Each December, I like to look back at what I read and share those books that I personally thought were the best. I can never have just one favorite, so it is a list. Luckily, an app like Goodreads, helps me keep track of what I read. I highly recommend everyone to keep track in some way whether it is through an app or a journal or list.
Here are my top 10 favorite books of 2017. Books are in order by the author’s last name, not in any recommended order.
The Shadow Land by Elizabeth Kostova
This book is not for everyone. I enjoy Kostova’s writing but it is very slow and meticulous. Her books are ones that you should take your time with. This novel was set in Bulgaria during the present-day but there is a lot of history and mystery to this book.
Daughter of the Pirate King by Tricia Levenseller
This book reminded me why I love young adult books and had everything I like about books in general: Action, adventure, mystery, romance with the added bonus of pirates. So much fun! Enjoy!
The Shell Seekers by Rosamunde Pilcher
This book was a comfort read. It follows the life of Penelope Keeling. She is nearing the end of her life and reflecting on all the things that have happened in her past and the present. Reading the synopsis, I was a little skeptical and therefore was amazed by how much I loved this book. Pilcher is a good writer and if the premise is remotely interesting to you, you will like this book.
The Long Way Down by Jason Reynolds
This book is told in verse, so it doesn’t take as much time to read, but wow, it definitely is just as emotionally draining as his other books. Will’s brother just died and he is out for revenge. While he is taking the elevator down, gun in hand, he runs into ghosts from the past.
The Tea Girl of Hummingbird Lane by Lisa See
This is a book about mother and daughters, a traditional mountain village turning into a modern town and a young woman who had to give up her daughter and find her own way. There was so much to like about this book, including the hopeful ending.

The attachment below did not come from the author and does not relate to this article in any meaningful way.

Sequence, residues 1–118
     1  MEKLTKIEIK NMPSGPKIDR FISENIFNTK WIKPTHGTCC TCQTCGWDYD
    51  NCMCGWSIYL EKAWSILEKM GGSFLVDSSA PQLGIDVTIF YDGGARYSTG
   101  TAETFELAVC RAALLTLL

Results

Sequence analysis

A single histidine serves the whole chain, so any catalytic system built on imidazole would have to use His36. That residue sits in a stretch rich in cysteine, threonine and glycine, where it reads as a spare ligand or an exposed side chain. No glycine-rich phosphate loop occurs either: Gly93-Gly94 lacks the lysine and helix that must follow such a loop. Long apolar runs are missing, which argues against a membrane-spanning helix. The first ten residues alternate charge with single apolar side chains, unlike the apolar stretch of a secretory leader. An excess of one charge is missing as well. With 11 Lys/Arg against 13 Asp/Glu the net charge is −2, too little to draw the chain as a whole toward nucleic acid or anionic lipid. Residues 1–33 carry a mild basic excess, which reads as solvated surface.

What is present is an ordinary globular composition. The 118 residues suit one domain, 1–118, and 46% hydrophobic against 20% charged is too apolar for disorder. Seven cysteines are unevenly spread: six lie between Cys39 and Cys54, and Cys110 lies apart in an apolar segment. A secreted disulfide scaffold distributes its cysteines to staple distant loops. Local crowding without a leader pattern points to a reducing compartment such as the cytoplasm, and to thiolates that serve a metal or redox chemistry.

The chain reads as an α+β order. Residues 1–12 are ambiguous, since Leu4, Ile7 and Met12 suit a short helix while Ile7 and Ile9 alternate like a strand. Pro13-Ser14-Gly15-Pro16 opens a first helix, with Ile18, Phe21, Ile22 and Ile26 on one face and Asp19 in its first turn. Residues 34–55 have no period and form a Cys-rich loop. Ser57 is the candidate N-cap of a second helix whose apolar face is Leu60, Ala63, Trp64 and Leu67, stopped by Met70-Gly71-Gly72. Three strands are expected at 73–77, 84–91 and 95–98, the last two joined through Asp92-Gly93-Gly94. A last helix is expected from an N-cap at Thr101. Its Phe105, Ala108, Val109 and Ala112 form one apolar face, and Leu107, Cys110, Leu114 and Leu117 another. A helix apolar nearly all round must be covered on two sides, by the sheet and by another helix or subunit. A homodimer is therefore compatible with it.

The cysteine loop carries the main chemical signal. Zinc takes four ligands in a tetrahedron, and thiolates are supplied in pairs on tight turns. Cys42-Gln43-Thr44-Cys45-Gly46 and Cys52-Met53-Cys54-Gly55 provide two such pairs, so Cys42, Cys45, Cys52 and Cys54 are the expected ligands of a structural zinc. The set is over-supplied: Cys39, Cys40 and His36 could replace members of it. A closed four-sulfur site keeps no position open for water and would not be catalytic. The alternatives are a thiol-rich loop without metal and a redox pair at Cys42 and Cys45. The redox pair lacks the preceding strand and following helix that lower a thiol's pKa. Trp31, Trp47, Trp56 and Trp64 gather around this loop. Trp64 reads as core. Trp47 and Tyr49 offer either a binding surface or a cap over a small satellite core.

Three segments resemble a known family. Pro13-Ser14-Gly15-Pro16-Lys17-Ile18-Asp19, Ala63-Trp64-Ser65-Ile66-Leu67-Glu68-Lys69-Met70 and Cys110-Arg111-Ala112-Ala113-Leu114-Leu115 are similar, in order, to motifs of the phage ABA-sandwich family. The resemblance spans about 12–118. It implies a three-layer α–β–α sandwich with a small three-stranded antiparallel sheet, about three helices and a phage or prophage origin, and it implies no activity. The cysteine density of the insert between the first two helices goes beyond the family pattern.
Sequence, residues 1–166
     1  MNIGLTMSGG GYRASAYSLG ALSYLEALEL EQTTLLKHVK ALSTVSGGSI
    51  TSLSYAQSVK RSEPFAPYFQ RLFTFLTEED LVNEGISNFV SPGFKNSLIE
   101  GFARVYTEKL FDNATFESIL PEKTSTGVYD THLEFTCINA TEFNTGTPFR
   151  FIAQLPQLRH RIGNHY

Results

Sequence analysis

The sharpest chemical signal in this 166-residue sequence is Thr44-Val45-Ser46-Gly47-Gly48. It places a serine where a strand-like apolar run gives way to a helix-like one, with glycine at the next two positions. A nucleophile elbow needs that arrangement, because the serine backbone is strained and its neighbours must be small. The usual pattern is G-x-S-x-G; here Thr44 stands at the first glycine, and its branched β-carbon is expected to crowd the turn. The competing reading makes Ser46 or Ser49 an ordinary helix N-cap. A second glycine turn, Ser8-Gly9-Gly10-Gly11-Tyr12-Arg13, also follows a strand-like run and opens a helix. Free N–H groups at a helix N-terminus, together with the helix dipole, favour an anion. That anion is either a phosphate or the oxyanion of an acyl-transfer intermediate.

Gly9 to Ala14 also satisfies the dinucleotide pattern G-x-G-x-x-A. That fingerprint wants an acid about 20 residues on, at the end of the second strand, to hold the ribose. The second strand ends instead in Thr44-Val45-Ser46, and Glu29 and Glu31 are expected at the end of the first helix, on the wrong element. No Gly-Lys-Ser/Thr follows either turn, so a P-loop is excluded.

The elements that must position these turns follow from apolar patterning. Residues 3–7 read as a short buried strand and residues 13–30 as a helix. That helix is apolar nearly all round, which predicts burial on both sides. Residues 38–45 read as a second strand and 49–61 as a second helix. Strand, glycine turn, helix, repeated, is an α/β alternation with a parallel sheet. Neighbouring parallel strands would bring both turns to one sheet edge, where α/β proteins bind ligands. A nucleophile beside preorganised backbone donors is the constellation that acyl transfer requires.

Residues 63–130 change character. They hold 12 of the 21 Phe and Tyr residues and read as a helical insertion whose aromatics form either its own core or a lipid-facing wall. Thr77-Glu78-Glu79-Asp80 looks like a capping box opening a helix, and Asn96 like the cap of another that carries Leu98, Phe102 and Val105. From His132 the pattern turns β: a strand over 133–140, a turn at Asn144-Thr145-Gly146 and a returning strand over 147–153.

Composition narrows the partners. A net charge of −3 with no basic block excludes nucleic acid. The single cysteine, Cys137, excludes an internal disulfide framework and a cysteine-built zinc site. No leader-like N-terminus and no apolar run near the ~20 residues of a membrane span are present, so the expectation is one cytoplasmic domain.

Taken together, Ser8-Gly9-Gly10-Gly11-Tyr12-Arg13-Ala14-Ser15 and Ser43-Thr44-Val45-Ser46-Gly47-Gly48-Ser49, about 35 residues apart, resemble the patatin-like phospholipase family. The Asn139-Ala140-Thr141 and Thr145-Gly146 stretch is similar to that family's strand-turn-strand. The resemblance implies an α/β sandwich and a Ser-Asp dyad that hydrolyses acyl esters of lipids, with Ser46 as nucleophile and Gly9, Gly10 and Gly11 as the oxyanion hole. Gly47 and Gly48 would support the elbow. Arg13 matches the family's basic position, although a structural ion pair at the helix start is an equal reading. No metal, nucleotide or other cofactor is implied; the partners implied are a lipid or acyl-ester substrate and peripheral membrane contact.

The Hate you Give by Angie Thomas
You can believe the hype about this book. The characters felt real and authentic and the situations these characters found themselves in seem all too real. I believe this book is so important because I think a lot of people will find themselves represented in some way in this book and I believe a lot of people can use this book as a window to see a glimpse of what life can be like. Books have the power, not only to show us who we are but also the power to help us understand and empathize with others. This book should be required reading for everyone.
Piecing Me Together by Renee Watson
Don’t let this book slip below your radar. I loved this book and the main character so much. I think what makes this book unique is that it focuses on the microagressions (indirect, subtle, or unintentional discrimination against members of a marginalized group) that young women of color face. She goes to a good school with good teachers, and yet, is overlooked for a trip. She has a mentor who has good intentions but even though they are both African-American, her mentor comes from a affluent family and does not always understand Jade and they have a tenuous relationship. She gets random comments from men on the street about her body. She hides food because she is overweight and feels and experiences judgement from others over what she eats. But through all of this, Jade finds a way to make a difference and figure out who she is.
The Underground Railroad by Colson Whitehead
I listened to this book while doing an inventory of the library. It took a while to get used to how the story was being told but the writing was very well done. The subject of slavery is always hard to read. Even though this was a work of fiction where the underground railroad is an actual railroad it was apparent how thorough the research was. There was a lot more I had to say about the book at the time, so my New Year’s Resolution is to review a book right after I read it. Just like the Shadow Thieves and The Tea Girl books, this is not a fast-paced book, so be willing to take some time with it.
Gem and Dixie by Sara Zarr
This book did a good job on showing how poverty, especially food insecurity affects students. The book follows two sisters, Gem and Dixie and their complicated relationship with each other and their parents. Their father comes back into their lives after years of being away and it effects the family in different ways. I don’t read a lot of realistic fiction but I felt this book was sympathetic and honest about their characters.
American Street by Ibi Zoboi
Fabiola and her mother immigrate from Haiti to Detroit where her aunt and cousins live. In New York, her mother is detained and Fabiola has to continue alone. The book delves into the immigrant experience, life experience in a poor neighborhood, life for students that go to a private school far away from their neighborhood. It is just as important as the other books on this list, important as a mirror and a window.